|Pete Marks (131)||0||1||Oli Clarke (146)|
|Piotr Zielinski (109)||1||0||Chris Kaye (119)|
|Mike Jennings (104)||0.5||0.5||Daniel Owusu (110)|
|Graham Strickland (101)||1||0||Asha Jina (127)|
|Johnny Zeng (90)||0||1||Carmel Barwick (122)|
|Kana Balasubramaniam (73)||1||0||Sebastian Skalski (105)|
|Horfield D||3.5||2.5||University B|
The University team outgraded us by a wide margin, an average of over 20 per board but we secured our first match win since September. This is how we did it:
My game was equal out of the opening so I took the chance to look across the boards. Piotr hadn’t got much advantage from the opening and they had already exchanged off minor pieces with balanced pawns but Chris’s rooks and queen looked the more active. On three Daniel (owning 100% record coming into the match) had created an active position and his pawn on e5 had cut Mike’s pieces off from his king; it didn’t look comfortable for Mike with a kingside storm brewing. On four Graham and Asha didn’t seem to have done very much at all. Graham had snaffled a (possibly poisoned) B-pawn with his queen but the game seemed to be progressing at glacial pace with most of the pieces still on their original squares. On five Johnny and Carmel were playing a quite unstructured position which I couldn’t assess so I’ll say it was equal. Finally on six Kana was building steady pressure on the kingside and his pieces looked better able to engage than Sebastian’s.
First to finish was Kana with a win. I didn’t see the end but I imagine it was authoritative; Kana is undoubtedly improving as the season goes along which is great to see. Second to finish was Johnny; Carmel had been short on time but won the exchange and with a strong central passed pawn had enough play to make the advantage count. 1-1 then after two. Then Piotr finished his game well; Chris’s play had become a little directionless and after queens were exchanged Piotr took control of the open file and won queenside pawns. Piotr’s pawn and rook technique was significantly the better and with his king in support Chris couldn’t stop a passed pawn without giving up a rook so resigned. 2-1 up. Then as if by magic Graham won. Again I didn’t see the end but Graham explained quite simply he had tied down Asha’s pieces and got his rooks onto the 7th forcing the win. Nice. 3-1 up and at worst a draw from the match.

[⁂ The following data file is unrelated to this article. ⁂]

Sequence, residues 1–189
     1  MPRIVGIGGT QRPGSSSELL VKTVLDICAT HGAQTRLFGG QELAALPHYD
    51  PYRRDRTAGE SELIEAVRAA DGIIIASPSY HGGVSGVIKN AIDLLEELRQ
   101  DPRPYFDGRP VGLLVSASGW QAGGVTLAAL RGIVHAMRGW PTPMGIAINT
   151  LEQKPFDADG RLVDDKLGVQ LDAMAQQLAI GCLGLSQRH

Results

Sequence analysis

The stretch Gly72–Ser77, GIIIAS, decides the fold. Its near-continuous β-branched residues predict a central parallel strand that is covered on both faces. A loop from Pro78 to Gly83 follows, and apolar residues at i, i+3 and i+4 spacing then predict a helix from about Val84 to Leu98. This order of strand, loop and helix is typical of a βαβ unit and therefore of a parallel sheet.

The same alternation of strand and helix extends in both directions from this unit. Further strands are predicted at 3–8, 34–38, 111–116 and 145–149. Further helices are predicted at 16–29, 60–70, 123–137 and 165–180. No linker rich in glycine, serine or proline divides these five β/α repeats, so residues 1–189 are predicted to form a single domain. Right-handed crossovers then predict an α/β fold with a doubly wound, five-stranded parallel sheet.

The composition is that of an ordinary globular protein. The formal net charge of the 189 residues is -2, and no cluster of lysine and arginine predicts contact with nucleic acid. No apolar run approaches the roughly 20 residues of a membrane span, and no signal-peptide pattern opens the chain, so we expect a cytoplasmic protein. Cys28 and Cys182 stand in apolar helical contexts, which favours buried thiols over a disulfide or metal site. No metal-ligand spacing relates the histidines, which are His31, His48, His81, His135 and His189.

So two matches left. Oli had created some pressure but it wasn’t serious and as we exchanged down into a rook and opposite coloured bishop ending I let myself down and missed the obvious route to drawing the game or better (taking a pawn as it happens) and got myself trapped in passive defence as Oli’s advanced pawns were better than my not advanced pawns (who knew?). 3-2.
So all on Mike and Daniel’s game. Daniel had won the exchange out of his pressure on the kingside but no more when it looked like the threats might have been terminal. Mike managed to set up a blockade on the open D and C files to hold the position so Daniel gave back the exchange for a 2-1 pawn advantage on the queenside. With just pawns and queens the question was whether Daniel could force one of the pawns through. Both players were down to under two minutes and a pair of pawns were exchanged meaning it was a single passed pawn but Mike managed to work his queen out of its defensive position and with Daniel’s kingside pawns not offering cover to the king Mike forced a perpetual check position. A good recovery from a pretty awful position.
With the B team winning comfortably against Downend B in the next room it was a good start to February for Horfield.